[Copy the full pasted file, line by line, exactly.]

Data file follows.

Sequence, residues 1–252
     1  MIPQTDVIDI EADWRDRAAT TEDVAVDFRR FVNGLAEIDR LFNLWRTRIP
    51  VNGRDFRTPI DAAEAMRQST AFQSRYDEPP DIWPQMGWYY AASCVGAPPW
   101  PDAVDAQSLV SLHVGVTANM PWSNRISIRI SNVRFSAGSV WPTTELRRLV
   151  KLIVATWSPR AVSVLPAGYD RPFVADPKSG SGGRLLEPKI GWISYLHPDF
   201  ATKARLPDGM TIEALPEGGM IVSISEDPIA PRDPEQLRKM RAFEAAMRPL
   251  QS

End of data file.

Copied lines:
Sequence, residues 1–252
     1  MIPQTDVIDI EADWRDRAAT TEDVAVDFRR FVNGLAEIDR LFNLWRTRIP
    51  VNGRDFRTPI DAAEAMRQST AFQSRYDEPP DIWPQMGWYY AASCVGAPPW
   101  PDAVDAQSLV SLHVGVTANM PWSNRISIRI SNVRFSAGSV WPTTELRRLV
   151  KLIVATWSPR AVSVLPAGYD RPFVADPKSG SGGRLLEPKI GWISYLHPDF
   201  ATKARLPDGM TIEALPEGGM IVSISEDPIA PRDPEQLRKM RAFEAAMRPL
   251  QS